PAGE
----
Thirty-two adult female tammar wallabies (M. eugenii derbianus) were captured in Tutanning Nature Reserve, Western Australia (32°33′ S, 117°20′ E) in April 2008. At the time of capture, all females were carrying a single pouch young (13 carrying daughters, 19 carrying sons) of less than 100 days of age (based on growth tables; Poole et al. 1991). Females were weighed (g), measured (pes (foot) length, mm) and ear-tagged. Cross-fostering was performed using the established protocol (Taggart 2002). Young were weighed (g), sexed (via visual inspection of genital region), micro-chipped, assigned to one of the five treatment groups and reattached to teats. Treatments were based on the sex birthed and the sex fostered by the mother (birthed/fostered): (i) female/female, n = 5, (ii) female/male, n = 6, (iii) male/female, n = 6, (iv) male/male, n = 9, and (v) mothers that reared their own offspring following brief removal from the teat (sham manipulation, n = 6, four males and two females). All cross-fostering was performed with offspring of equivalent developmental stages to avoid problems owing to changes in milk composition over the course of lactation that impacts growth rate (Findlay & Renfree 1984).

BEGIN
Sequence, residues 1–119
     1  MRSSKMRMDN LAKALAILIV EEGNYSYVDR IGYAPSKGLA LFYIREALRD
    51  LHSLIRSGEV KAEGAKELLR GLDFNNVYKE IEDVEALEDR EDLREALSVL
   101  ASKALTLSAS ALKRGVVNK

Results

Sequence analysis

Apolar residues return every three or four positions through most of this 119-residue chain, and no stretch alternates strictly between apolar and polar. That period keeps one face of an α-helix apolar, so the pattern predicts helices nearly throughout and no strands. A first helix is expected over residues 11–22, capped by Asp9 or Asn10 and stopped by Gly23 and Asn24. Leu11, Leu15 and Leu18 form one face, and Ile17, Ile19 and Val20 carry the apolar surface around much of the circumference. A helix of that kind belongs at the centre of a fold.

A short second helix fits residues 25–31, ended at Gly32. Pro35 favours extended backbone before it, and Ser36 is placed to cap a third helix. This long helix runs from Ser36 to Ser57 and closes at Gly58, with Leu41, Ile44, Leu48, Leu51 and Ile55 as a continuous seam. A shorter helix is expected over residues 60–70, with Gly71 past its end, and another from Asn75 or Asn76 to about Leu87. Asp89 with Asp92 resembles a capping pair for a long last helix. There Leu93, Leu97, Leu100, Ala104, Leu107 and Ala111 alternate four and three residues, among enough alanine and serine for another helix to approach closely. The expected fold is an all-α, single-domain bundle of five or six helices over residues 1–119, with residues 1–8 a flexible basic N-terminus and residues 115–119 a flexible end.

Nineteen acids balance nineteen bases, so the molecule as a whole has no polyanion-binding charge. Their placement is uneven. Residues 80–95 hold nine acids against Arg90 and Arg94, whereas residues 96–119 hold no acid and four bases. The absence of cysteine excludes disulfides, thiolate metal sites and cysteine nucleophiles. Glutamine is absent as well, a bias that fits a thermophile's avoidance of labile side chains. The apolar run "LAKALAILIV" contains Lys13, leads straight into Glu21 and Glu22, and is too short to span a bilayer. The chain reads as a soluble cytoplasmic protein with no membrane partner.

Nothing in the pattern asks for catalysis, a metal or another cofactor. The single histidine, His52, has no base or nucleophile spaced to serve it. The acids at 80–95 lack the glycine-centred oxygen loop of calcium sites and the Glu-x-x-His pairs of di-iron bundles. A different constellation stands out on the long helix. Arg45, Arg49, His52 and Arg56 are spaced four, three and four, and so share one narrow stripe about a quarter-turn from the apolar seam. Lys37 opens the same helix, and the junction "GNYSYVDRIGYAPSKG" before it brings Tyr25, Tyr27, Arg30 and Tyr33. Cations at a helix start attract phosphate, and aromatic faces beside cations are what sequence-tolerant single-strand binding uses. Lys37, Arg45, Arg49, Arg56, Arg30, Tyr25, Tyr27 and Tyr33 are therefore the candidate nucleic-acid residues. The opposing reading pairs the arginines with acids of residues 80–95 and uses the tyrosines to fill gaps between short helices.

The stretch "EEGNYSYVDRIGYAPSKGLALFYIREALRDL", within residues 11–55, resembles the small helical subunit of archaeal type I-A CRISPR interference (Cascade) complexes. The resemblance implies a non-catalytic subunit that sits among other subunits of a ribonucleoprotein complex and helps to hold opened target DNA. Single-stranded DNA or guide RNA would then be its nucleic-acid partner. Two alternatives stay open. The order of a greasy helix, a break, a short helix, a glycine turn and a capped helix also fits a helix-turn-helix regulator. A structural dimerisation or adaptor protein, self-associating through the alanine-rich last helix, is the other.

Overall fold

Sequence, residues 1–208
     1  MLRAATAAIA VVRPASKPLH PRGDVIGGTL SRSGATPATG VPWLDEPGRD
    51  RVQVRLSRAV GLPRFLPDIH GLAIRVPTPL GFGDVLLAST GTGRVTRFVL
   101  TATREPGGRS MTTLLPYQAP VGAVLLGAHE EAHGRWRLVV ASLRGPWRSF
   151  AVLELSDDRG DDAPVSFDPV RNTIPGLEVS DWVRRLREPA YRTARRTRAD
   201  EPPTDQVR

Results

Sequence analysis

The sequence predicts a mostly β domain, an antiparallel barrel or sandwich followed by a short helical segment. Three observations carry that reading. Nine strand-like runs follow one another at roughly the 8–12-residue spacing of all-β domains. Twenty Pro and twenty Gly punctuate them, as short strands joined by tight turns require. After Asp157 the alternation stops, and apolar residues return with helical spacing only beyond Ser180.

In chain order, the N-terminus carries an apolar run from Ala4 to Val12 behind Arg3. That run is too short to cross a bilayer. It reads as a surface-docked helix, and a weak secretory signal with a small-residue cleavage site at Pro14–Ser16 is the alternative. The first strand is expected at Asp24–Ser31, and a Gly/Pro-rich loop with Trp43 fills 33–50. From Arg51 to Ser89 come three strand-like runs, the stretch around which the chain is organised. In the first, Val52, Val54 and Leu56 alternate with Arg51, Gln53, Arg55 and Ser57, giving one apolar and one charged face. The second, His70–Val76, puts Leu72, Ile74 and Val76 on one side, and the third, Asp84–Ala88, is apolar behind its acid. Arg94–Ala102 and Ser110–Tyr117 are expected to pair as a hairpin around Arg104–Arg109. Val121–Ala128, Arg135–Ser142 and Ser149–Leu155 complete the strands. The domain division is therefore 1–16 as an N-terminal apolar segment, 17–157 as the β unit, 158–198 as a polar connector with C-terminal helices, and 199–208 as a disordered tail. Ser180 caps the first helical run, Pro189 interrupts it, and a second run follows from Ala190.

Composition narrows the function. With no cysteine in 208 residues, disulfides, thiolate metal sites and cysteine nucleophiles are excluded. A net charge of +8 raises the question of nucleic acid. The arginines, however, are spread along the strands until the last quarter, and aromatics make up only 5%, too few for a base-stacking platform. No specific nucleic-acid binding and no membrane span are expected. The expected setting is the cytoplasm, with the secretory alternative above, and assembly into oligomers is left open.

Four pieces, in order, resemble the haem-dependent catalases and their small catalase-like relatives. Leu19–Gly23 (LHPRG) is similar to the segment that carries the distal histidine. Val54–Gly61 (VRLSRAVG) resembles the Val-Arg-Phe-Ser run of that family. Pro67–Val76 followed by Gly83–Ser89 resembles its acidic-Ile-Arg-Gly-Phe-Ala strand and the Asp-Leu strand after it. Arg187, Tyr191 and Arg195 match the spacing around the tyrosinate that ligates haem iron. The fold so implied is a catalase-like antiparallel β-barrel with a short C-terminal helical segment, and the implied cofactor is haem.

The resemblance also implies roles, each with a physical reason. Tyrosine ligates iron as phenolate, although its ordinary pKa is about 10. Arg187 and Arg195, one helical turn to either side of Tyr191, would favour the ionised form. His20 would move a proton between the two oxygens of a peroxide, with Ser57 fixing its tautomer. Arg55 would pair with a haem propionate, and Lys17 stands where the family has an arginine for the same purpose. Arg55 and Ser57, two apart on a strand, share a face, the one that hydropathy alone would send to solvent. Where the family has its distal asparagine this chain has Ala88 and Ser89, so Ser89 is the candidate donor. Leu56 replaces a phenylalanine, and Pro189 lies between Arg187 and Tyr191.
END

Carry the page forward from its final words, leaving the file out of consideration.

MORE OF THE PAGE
Following cross-fostering, females were transported to the University of Western Australia's Native Animal Facility where they were housed in six replicate naturally vegetated outdoor enclosures, with treatments spread among enclosures, supplemented with ad libitum Kangaroo cubes (Glen Forrest Stockfeeders, Western Australia), mixed vegetables and water. Prior to release into their new enclosures, females were examined to ensure pouch young had successfully reattached to the teat. We measured offspring survival and body size at weaning (November 2008, approx. 300 days old) and approximately 1 year of age (May 2009). We additionally measured maternal body mass and condition (see below) over the course of lactation.